one's eye on the Hebrew text of Isaiah,+ could scarcely have led
to the fabrication of this particular story about the Messiah's
birth. Probably the notion of a Virgin-born Messiah would have
been alien to ordinary Jewish ideas.# In any case, the Jews did not
so interpret the passage, and in fact, to quote Professor Stanton,
"It is an instance in which the principle would hold that it is
more easy to suppose the meaning of prophetic language to have
been strained to fit facts, than that facts should have been
invented to correspond with prophetic language."^ That is to say,
it is wholly reasonable and entirely in keeping with the method of
the first Evangelist, that when once he had come to know that the
Messiah had been born in Bethlehem of a Virgin-Mother, he should
have recognized in that wondrous birth the fulfilment of the ancient
prophecy of Isaiah. He would then see that whatever primary and
lesser fulfilment the words of Isaiah might have, they were only
completely fulfilled in Him who is the end of all prophecy, who was
conceived of the Holy Ghost, and born of the Virgin Mary.|
* Isa. vii. 14.
+ See Note at the end.
# So Dr. Chase.
^ Stanton, Jewish and Christian Messiah, p. 378.
| See Eck, The Incarnation, p. 87.

It is hard to bring one's self to speak of the theory put forward
by Professor Usener, in which he says that the story of the
Virgin-Birth is traceable "to a pagan substratum, and that it must
have arisen in Gentile circles."*  Surely this is wholly contrary
to all probability. How can any serious student think that any but
Jewish hands could have penned the first two chapters of St.
Matthew's Gospel? "The story," says Professor Chase, "moves, like
that of St. Luke, within the circle of Eastern conceptions; it is
pre-eminently and essentially Jewish. Moreover, if time is to be
found for the complicated interaction between paganism and
Christianity which this theory involves, the First and Third
Gospels must be placed at a date which I believe is
quite untenable."+

* Encyc. Bibl., iii. 3352.
+ Chase, Supernatural Elements in our Lord's Earthly Life, p. 21.

That there are differences and even discrepancies between the two
accounts, which are manifestly independent of one another, serves
surely to strengthen their witness to the great central fact in
which they are at one--that Christ was born of a Virgin-Mother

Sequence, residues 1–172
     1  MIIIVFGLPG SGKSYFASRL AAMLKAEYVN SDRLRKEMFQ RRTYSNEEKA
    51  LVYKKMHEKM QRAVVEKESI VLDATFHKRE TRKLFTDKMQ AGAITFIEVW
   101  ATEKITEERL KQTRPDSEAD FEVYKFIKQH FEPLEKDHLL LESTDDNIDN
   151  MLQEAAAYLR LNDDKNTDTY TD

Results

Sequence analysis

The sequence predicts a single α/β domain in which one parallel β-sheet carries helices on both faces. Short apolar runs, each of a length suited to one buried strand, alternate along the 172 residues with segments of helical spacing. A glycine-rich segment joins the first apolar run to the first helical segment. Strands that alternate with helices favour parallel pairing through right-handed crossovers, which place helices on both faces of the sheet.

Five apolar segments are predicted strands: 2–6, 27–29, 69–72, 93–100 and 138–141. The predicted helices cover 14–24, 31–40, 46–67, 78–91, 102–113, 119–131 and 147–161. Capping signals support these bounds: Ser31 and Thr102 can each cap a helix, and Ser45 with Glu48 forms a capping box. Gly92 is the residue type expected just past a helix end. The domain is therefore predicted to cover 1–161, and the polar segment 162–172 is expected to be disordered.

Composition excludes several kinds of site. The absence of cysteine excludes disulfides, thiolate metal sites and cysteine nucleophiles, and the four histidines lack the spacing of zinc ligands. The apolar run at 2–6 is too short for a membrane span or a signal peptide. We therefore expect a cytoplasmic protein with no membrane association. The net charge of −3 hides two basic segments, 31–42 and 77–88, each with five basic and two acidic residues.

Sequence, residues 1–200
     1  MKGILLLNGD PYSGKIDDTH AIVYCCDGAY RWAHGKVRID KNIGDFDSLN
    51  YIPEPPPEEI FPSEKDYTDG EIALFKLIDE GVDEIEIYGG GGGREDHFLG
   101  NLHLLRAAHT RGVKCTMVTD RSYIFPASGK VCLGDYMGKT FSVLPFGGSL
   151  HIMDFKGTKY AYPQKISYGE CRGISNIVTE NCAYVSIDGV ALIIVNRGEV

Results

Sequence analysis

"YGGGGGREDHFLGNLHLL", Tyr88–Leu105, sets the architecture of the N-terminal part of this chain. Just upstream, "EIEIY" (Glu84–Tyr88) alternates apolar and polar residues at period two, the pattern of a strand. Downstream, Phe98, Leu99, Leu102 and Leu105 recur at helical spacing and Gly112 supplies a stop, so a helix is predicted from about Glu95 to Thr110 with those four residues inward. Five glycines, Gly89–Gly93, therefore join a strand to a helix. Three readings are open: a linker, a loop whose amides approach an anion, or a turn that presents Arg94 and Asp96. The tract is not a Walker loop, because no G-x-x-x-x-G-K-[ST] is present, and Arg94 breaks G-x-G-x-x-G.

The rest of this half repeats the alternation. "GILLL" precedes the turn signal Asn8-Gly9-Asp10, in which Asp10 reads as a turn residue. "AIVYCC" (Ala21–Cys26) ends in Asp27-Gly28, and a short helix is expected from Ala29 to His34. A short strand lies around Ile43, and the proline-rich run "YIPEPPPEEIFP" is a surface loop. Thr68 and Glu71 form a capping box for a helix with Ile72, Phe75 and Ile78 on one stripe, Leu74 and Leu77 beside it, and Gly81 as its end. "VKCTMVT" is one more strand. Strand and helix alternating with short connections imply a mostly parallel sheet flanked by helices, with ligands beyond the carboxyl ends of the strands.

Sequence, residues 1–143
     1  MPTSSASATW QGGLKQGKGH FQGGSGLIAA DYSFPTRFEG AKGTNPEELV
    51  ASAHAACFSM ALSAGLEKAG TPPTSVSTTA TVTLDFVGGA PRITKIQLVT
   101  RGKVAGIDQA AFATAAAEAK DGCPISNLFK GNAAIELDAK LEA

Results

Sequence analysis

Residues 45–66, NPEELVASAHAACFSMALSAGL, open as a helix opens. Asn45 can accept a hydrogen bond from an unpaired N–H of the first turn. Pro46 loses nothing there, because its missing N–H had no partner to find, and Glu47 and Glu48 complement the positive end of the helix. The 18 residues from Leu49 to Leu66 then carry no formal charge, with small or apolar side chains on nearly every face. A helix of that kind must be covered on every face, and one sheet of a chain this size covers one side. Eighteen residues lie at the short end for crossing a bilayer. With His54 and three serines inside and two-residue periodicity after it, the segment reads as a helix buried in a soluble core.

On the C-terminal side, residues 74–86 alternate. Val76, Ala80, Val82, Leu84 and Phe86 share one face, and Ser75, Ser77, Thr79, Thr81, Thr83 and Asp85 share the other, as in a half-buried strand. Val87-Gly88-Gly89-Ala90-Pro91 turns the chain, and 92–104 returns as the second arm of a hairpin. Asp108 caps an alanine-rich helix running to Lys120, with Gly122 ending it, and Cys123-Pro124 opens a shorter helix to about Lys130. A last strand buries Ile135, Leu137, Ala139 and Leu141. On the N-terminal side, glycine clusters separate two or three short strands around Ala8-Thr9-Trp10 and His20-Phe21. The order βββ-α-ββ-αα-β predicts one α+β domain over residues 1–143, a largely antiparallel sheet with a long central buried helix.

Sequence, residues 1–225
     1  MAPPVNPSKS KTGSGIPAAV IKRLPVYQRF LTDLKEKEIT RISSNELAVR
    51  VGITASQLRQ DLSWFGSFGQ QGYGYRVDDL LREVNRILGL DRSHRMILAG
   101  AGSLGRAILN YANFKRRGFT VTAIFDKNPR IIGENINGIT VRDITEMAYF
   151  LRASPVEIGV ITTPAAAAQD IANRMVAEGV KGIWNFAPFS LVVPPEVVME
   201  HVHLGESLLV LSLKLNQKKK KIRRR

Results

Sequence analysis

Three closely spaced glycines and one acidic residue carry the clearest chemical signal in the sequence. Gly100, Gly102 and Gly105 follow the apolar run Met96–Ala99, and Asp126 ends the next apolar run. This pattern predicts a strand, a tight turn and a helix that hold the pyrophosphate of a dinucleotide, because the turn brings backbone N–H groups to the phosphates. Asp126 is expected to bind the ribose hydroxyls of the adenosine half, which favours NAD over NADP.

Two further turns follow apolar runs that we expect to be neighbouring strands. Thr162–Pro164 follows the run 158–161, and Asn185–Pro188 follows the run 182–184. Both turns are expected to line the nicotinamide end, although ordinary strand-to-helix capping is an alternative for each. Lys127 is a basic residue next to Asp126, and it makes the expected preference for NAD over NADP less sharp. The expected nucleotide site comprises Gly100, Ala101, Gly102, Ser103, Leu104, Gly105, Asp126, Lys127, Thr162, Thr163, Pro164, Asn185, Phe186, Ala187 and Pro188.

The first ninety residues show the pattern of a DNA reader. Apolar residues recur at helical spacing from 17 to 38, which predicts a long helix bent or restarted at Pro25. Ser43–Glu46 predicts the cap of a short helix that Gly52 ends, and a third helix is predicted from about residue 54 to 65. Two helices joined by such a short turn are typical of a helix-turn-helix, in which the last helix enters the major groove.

at Bethlehem, in the days of Herod the king.

There appears, then, to be no reason for doubting that in St.
Luke's Gospel we have a genuine account derived from Mary herself,
and that in St. Matthew's Gospel we have an account left by
St. Joseph, "worked over by the Evangelist in view of his
predominant interest--that of calling attention to the fulfilments
of prophecies."* Wherever, therefore, these two Gospels had reached
in the second half of the first century, there the story of the
Virgin-Birth was known. If the story thus attested by the first and
third Evangelists were really a fiction, it is hard indeed to
believe that it would not have been contradicted by some who were
still living, and who knew that the story was different from that
which the Mother herself had delivered them. "If," says Dean Alford,
speaking of the Third Gospel, "not the mother of our Lord herself,
yet His brethren were certainly living; and the universal reception
of the Gospel in the very earliest ages sufficiently demonstrates
that no objection to this part of the sacred narrative had been
heard of as raised by them."+

* Gore, Dissertations, p. 29.
+ Greek Test., vol. i. Prolog. sect. viii. p. 48.

There is no other alternative but to regard both stories as legends
independently circulated in the ancient Church. "So artificial an
explanation would probably have found little favour with scholars
if there had been no miracle to suggest it. It is too commonly
assumed that evidence which would be good under ordinary
circumstances is bad where the supernatural is involved."*

Certainly it would seem to be in a high degree improbable that
two such accounts as those of the Birth of Jesus Christ which we
have in these two Gospels should be the work of forgers; and this
improbability is further heightened when we compare them with the
legendary accounts of His infancy which were actually current in
the early centuries.+

* Swete, Church Congress Report (1902), p. 163.
+ See Preface, p. xi.



What are the objections brought against all this evidence? The main
objection is the silence of the other writers of the New Testament.
To reply--

(I) First, we may surely ask--Why should they mention it? This sort
of argument from silence is most precarious. Are we to infer that
because there is no mention of the Cross or the Crucifixion in the
Epistles of St. James or of St. Jude, that it was unknown to this
group of writers, and that they were unaware of the manner of
Christ's Death?

"We might much more naturally infer it than we may infer that